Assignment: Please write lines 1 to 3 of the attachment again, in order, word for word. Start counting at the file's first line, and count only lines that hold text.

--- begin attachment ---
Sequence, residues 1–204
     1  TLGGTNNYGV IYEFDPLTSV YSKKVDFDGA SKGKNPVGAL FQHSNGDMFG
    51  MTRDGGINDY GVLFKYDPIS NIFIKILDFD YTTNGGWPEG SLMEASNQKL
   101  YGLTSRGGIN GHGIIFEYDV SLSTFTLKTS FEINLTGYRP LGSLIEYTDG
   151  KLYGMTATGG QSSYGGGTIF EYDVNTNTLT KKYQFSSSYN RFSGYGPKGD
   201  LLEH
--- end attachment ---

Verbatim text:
Sequence, residues 1–204
     1  TLGGTNNYGV IYEFDPLTSV YSKKVDFDGA SKGKNPVGAL FQHSNGDMFG
    51  MTRDGGINDY GVLFKYDPIS NIFIKILDFD YTTNGGWPEG SLMEASNQKL